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Motion sickness and otolith sensitivity - A pilot study of habituation to linear accelerationAstronauts, particularly in Skylab flights, experienced varying degrees of motion sickness lasting 3-5 days. One possible mechanism for this motion sickness adaptation is believed to be a reduction in otolith sensitivity with an attendant reduction in sensory conflict. In an attempt to determine if this hypothesis is valid, a ground-based pilot study was conducted on a vertical linear accelerator. The extent of habituation to accelerations which initially produced motion sickness was evaluated, along with the possible value of habituation training to minimize the space motion sickness problem. Results showed that habituation occurred for 6 of the 8 subjects tested. However, in tests designed to measure dynamic and static otolith function, no significant differences between pre- and post-habituation tests were observed. Cross habituation effects to a standard Coriolis acceleration test were not significant. It is unlikely that ground-based pre-habituation to linear accelerations of the type examined would alter susceptibility to space motion sickness.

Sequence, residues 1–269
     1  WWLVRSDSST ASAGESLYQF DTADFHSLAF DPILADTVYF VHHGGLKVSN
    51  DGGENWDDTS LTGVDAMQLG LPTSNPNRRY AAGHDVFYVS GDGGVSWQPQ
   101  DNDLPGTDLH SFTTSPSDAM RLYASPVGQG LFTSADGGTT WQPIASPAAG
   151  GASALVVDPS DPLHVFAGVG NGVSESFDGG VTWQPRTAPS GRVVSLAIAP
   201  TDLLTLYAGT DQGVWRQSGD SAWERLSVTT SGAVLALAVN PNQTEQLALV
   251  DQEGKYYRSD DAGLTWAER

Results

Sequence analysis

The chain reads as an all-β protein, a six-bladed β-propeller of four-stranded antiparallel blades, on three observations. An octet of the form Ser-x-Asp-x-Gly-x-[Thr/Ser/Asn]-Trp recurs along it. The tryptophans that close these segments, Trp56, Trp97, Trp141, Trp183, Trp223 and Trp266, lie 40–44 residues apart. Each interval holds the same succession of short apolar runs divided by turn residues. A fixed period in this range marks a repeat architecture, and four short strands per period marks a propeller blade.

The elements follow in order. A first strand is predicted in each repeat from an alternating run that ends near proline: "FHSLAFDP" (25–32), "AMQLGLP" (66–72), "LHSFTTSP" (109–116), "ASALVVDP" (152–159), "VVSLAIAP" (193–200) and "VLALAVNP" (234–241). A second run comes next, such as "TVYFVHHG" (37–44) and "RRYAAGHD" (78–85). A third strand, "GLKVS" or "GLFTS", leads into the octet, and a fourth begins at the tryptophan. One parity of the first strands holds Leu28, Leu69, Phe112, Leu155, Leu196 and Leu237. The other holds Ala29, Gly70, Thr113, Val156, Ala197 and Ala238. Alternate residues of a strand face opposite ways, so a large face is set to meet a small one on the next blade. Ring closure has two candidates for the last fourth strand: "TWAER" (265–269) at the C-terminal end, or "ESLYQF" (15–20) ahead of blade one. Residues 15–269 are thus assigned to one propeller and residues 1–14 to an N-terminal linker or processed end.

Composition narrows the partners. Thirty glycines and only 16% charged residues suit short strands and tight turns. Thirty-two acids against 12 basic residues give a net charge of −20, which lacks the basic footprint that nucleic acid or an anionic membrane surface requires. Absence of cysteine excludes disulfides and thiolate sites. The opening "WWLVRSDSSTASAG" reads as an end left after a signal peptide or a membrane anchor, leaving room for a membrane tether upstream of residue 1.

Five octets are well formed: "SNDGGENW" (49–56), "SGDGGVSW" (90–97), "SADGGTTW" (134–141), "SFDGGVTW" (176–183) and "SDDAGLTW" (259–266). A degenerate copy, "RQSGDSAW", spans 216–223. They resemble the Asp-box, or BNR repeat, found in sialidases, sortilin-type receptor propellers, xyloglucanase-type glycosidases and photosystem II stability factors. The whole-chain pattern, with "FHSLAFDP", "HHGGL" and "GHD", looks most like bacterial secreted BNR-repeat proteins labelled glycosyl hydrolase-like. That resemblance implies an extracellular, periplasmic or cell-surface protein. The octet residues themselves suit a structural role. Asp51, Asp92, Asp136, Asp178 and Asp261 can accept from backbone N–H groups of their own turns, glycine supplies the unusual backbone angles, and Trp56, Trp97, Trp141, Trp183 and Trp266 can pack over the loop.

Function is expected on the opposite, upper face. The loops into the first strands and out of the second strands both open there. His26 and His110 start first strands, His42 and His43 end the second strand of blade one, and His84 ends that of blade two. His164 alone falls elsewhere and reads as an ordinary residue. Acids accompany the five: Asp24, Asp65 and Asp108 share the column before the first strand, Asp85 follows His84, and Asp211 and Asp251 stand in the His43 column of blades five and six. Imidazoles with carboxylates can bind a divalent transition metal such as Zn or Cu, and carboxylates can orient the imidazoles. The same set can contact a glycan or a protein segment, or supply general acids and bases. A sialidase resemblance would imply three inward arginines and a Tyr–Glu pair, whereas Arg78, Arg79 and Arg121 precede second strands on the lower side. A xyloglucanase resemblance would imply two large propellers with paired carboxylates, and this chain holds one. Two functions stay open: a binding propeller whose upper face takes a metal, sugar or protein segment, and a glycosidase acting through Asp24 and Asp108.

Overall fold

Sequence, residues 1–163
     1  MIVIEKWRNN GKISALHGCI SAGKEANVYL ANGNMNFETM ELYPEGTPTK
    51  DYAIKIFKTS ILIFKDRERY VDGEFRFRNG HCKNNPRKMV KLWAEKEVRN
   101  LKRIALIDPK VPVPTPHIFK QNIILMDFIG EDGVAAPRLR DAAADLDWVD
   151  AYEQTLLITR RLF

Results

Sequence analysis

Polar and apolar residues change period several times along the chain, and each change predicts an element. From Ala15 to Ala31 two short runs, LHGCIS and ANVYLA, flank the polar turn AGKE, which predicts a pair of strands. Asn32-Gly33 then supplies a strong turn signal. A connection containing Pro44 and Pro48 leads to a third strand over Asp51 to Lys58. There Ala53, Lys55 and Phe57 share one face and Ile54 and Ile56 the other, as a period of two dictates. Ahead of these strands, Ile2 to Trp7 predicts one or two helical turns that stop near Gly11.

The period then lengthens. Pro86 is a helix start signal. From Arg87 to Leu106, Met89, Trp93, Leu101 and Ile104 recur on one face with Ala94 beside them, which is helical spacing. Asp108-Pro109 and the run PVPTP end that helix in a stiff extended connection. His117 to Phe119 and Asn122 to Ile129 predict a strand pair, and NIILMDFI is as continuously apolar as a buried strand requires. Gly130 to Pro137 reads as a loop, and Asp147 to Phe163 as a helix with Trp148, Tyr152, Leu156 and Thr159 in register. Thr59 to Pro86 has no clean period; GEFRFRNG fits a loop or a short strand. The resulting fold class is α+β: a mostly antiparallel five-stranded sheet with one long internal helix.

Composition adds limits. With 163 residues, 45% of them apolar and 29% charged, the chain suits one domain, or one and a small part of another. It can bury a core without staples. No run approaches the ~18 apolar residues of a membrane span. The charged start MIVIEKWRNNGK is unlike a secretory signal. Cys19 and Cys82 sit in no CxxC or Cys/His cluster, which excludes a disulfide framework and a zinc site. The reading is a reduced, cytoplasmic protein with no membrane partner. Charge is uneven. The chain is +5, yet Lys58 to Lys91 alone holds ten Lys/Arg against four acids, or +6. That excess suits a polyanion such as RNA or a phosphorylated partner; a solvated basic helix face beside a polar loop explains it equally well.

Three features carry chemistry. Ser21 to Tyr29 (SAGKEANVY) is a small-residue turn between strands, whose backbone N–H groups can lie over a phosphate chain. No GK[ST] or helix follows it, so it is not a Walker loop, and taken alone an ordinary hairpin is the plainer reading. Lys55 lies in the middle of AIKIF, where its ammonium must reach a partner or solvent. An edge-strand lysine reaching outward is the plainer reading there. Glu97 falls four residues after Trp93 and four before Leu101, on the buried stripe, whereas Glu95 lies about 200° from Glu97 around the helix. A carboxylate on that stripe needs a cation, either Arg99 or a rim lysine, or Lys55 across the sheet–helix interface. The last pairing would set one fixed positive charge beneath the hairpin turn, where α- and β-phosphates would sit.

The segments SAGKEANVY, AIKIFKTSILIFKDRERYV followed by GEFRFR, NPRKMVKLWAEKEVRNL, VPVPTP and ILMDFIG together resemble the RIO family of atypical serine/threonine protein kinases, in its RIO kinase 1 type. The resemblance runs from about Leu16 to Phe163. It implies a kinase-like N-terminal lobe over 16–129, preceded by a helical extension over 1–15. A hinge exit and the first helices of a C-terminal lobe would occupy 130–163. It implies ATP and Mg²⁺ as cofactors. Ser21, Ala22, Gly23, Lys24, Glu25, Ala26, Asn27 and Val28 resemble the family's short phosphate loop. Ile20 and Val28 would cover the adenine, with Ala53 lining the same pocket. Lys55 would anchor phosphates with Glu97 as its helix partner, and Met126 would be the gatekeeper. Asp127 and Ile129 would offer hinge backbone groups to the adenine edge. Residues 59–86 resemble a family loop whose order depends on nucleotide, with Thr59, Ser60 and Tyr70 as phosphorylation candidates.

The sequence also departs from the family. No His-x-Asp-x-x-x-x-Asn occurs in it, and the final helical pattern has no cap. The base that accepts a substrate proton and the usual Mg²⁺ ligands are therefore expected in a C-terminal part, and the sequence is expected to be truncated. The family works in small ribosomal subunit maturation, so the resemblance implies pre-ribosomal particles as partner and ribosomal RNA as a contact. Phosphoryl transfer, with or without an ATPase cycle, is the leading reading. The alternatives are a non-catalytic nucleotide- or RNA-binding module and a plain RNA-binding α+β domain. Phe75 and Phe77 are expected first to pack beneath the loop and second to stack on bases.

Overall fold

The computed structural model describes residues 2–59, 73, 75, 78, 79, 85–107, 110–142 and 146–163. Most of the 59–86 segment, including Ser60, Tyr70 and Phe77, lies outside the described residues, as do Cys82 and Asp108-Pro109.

Document ID
Document Type
Reprint (Version printed in journal)
Potvin, A. R.
(NASA Ames Research Center Moffett Field, Calif.; Texas, University, Arlington, Tex., United States)
Sadoff, M.
(NASA Ames Research Center Biomedical Research Div., Moffett Field, Calif., United States)
Billingham, J.
(NASA Ames Research Center Extraterrestrial Biology Div., Moffett Field, Calif., United States)
Date Acquired
August 9, 2013
Publication Date
November 1, 1977
Subject Category
Aerospace Medicine
Accession Number
Distribution Limits

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